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  1. #1
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    Jul 2003
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    637

    Am I being unfair to this customer? [Long Post]

    He won my car on eBay. I was delivering it to him in my city. I hit a pothole and bent a rim on the way there. He had to drive 400+ miles home. We made a temporary fix and told him I'd pay for a new rim. He sent me an email saying he bought a new rim for $313.50 and wanted me to pay for it.

    I did not think this is right, since he should have SHOWED me the price that he wanted me to pay before making the purchase. How can you expect someone to pay for something for you without first showing them the price?

    Him:

    I spent yesterday shopping for a rim and found it pretty surprising. I went first to the Chrysler dealer so that I could get a stock # or something to track it with. Their replacement was $500 but they'd let me have it for $420.09. Two other places got it down to $371.83. Then I went to the junk yards/used parts and came up empty. When I asked about a regional search, they weren't too supportive because they said you never know what you get with a used one (how bad scratches, small dents, etc. are). I finally found one near here for $300 so I picked it up today because I didn't want it to get away ($313.50). I've included scans of the bids I got; please pass these to your dad. If he just wants to send a check my address is 15719 Edgewood Dr, Dumfries, VA 22026. Sorry I couldn't find it any cheaper.
    Me:

    I looked on eBay and found that the wheels are being sold for less than $100:

    http://search.ebaymotors.com/ws/sear...=2&sotr=2&st=2

    However, I will forward this email to my dad.
    Me again:

    I spoke to my dad.

    In order to help you with the cost of the new wheel, he would liked to have known about the price it would cost him before purchasing. He said he can get you the same wheel for significantly cheaper and have it shipped directly to your doorstep. What would you like to do? Is the wheel you purchased refundable?
    Him

    At first glance, your response seems reasonable. However, when you look into it, the opposite is true. The 16" chrome wheel with dimples is not that readily available. On ebay, from your search, there is only one:

    Item 2474980591 $215

    As it is used, who can say what the actual condition is (per the advice I was given). Even so, there is shipping on top of the $215. I spent a half a day and didn't come up with much, so I bought what was the best deal I could find here. If that wheel I bought was no longer available, I didn't know how long I might have to wait to get the car in running order. As it is going to be used for a business, that time is worth more than the <$100 I "might" save by doing other things. I took your dad at his word to deal fairly with me, and I felt I've dealt fairly with you. I found the best deal I could. If you're not willing to follow through, the bottom line is that there isn't much I can do. I'm sorry for the cost and inconvenience to you, but this hasn't been without inconvenience (and additional cost) to me also, and it was your accident. Please provide this information to your dad and decide what you'd like to do. Either way, I had to get the car running in a safe condition, which is why I acted rather than coordinate prior with you.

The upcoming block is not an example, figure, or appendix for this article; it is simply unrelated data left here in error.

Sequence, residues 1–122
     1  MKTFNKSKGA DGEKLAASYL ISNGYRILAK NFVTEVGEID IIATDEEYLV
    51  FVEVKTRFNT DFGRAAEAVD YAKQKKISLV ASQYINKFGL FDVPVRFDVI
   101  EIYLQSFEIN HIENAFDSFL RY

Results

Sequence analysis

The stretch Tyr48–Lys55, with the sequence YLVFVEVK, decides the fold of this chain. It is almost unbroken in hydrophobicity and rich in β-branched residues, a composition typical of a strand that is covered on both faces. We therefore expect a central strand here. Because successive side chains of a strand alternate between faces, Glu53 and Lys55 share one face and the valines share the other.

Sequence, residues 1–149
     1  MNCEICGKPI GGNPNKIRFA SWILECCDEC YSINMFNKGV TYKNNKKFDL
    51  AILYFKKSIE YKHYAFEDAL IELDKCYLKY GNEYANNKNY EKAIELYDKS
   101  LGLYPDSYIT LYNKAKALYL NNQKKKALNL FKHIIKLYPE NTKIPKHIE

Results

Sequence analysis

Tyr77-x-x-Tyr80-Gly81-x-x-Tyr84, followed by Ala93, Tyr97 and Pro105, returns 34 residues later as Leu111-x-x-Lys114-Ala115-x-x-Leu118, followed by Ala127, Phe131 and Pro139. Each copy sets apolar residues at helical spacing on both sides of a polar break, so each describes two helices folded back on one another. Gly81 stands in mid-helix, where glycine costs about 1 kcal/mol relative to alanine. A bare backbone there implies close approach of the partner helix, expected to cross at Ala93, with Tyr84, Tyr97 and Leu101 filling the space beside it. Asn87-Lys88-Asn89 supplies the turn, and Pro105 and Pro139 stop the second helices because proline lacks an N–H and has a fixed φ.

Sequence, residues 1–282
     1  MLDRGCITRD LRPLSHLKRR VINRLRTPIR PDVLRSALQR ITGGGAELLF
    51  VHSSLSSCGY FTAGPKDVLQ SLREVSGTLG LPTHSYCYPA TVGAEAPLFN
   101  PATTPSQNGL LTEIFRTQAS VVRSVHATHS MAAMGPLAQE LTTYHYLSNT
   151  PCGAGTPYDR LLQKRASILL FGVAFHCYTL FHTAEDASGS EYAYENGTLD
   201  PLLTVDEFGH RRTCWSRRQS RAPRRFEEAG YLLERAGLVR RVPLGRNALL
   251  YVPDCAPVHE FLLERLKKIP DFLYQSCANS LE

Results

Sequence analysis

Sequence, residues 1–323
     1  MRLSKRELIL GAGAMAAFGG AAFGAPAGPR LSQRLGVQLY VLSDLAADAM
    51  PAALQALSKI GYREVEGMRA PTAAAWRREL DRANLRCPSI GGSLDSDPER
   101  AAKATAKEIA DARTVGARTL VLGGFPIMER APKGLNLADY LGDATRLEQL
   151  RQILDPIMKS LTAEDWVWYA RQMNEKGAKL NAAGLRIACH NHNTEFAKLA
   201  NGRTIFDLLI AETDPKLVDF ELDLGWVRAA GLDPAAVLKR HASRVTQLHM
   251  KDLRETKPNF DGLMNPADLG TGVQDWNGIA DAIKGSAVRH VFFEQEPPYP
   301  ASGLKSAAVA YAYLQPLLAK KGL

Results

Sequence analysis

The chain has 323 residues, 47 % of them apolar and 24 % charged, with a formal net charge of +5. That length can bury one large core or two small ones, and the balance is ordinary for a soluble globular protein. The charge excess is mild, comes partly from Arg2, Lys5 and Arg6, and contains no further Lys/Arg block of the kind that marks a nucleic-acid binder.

Me

    I forwarded your message to my dad again. You can rest assured that he is a man of his word and he will indeed help you as promised. You are right, $215+ shipping would not be very significant savings at all, and no reason to purchase a new wheel when you have already gotten the problem resolved.

    However, eBay item ( #2474646238 and #2474646628 ) both feature the original factory wheels with dimples as you need for your vehicle. It's hard to see the dimples because of the chrome in the sunlight, but a close look at the edges will reveal the same exact wheel as the one you showed me for $215. These auctions are for $66 and $63. I imagine they will go up a bit, but probably not by much.

    It's fine that you acted on your own in order to get the car running as soon as possible. However, my dad would have not paid $315+ for the wheel. He is able to get it at a much lower cost, and would be more than happy to buy it for you at an agreeable price. All it would have took was a quick email or phone call to let us know the price and we would have said no and shipped you the same product on us.

    I trust that someone with 171 feedback (100% positive) would give me an accurate description of the wheel they are selling if you would like for us to purchase one for you. If not, my dad will gladly pay 50% of the wheel you already purchased, as $150 (give or take) is what he had expected to pay for it in the first place. Let me know if this sounds fair.